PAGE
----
As a food and recipe writer, I spend quite a lot of my time trying to find comparative measurements for things. First as a way of describing them, which is a minefield. The leaves of the basil that grows in and around Genova, for example (about which the Genovese are rightly proud, hence the need to describe it accurately), are generally no larger than a grape. What sort of grape? A grape the size of a marble. What sort of marble? A marble the size gobstoppers used to be when we were children. How old are you? And so on, until you give up and compare the leaves to a teaspoon.
Just as important, and maybe more, are comparative sizes for chopping, bearing in mind that not everything can be summed up in centimetres. Cut into pieces the size of a standard dice/Scrabble tile/square of Dairy Milk, rings the size of a pound coin/Ritz cracker, batons the size of a matchstick/finger/cigarette … How big is “a little bit of”? Is it currant-, raisin- or prune-sized? Also squeezes: comparisons to toothpaste are useful up to a point, then where do you go? Is counting helpful? A three-second squeeze, or until it looks like an average serving of mustard/conditioner/bird poo? And if the latter, which bird? I grew to like one food writer even more when she mentioned a toenail clipping as a guide.
The comparisons we choose give away plenty – about our likes and dislikes, habits and pretences, our age, certainly, and possibly our shape or prejudices, too. They speak of how and where we cook. In a book of recipes from the Amalfi coast, measurements are often in relation to lemons or the sea, while in a book of Abruzzese cooking, ingredients are measured in chestnuts. And like everything in Yemisi Arabbsala’s magnificent Longthroat Memoirs , her measurements and comparisons are visual and visceral. Afang leaves are rolled into balls as tight as fists, then sliced through as if you were making strands of hair; awadar seeds from the black locust tree are milled until they look like ground coffee; and bush mangoes, cracked open for their lozenge-shaped seeds, are the size of undeveloped oranges, but with a sweet smell that makes you want to devour them.
I wonder how big the arance (oranges) were that inspired Sicilian arancine/i? The -ine/-ini is the diminutive suffix, so we know that they are small, but is small by today’s standards the same as it was when someone first shaped a ball of rice? Both oranges and rice (the fat, short-grained variety that originated in Japan) entered Europe via Arab-occupied Sicily and Spain, where, thanks to the Arabs’ highly sophisticated irrigation systems, they thrived. While rice has never dominated Sicilian cuisine in the way it does in the north of Italy, it was eaten widely and shaped into arancine and an elaborate timballo called a tummala.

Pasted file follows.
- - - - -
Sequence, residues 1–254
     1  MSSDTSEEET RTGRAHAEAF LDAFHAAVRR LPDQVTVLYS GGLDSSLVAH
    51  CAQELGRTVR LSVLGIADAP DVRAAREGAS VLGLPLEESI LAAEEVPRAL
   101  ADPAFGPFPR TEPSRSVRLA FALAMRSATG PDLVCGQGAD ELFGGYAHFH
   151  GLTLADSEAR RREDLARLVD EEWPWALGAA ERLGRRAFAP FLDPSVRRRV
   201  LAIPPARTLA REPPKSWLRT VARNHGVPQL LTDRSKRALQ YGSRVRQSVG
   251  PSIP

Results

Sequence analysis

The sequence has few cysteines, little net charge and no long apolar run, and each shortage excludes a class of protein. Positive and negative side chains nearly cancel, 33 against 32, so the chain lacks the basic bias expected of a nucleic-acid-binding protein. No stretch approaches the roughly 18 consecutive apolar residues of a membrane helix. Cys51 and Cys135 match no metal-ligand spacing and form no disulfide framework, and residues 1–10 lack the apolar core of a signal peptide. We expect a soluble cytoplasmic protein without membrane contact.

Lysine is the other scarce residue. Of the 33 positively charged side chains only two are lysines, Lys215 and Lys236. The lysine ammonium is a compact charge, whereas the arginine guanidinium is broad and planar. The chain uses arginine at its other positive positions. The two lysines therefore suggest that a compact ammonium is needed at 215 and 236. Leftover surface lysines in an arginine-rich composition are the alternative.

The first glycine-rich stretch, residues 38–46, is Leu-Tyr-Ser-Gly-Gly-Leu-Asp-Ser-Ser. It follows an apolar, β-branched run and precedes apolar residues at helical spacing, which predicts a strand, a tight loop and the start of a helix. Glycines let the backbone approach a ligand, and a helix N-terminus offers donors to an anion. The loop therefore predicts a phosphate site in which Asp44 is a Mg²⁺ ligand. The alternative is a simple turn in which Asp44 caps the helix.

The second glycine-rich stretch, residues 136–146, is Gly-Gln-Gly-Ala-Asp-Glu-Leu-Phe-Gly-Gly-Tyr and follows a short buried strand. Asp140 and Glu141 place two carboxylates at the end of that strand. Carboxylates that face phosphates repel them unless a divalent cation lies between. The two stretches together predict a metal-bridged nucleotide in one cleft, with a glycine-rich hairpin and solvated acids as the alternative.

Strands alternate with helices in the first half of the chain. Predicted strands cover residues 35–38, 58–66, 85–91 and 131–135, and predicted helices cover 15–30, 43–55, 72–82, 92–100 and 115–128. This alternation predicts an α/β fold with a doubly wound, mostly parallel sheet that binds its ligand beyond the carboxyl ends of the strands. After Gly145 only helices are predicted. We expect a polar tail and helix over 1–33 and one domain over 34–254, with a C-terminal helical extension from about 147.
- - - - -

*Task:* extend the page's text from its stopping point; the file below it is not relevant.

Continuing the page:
I have written about arancine a couple of times before, specifically the recipe from Alessandro Pace, a chef from the town of Comiso, who in the darkness of Covid-19 won the Gambero Rosso regional prize for street food. We are not in Sicily this summer. We are not sitting at one of the tables on the pavement outside Alessandro’s shop eating arancine and drinking cold beer. Instead, we are in Rome, eating arancine al burro – so filled with butter and cheese – and made by me.
How big is an orange? For this recipe, in which slightly smaller arancine work best and fry more quickly, I would say a little bit bigger than a snooker ball, but not as big as the knob on my desk.
Arancine di riso al burro
This recipe is adapted from one in Alba Allota’s La Cucina Siciliana.
3 eggs, 2 beaten, for coating, plus 1 extra egg yolk
75g pecorino (or parmesan), grated
A few strands of saffron, dissolved in a little warm water
100g cold butter, cut into 10 pieces
200g primo sale (or mozzarella), diced
Flour, for coating
Fine dry breadcrumbs, for coating
Olive oil, for frying
Cook the rice in plenty of fast-boiling, well-salted water, then drain and put in a bowl with the grated pecorino, one whole egg, the extra yolk and the saffron. Mix well and leave to sit for at least two hours.
Take a fistful of rice (about 50g), put it in a cupped hand and use your other fist to mould it into a cradle. Put a piece of butter and a few cubes of cheese in the hollow, cover with a bit more rice, then mould firmly into a small orange. (How big is an orange? For this recipe, in which slightly smaller arancine work best and fry more quickly, I would say a little bit bigger than a snooker ball, but not as big as the knob on my desk.) Roll the ball first in flour, then in beaten egg and finally in breadcrumbs. Repeat with the remaining rice, butter and cheese.
Bring a pan of olive oil to a minimum frying temperature, lower in the arancine (in batches, if need be), and fry for eight minutes, or until golden. Blot on kitchen towel and serve hot.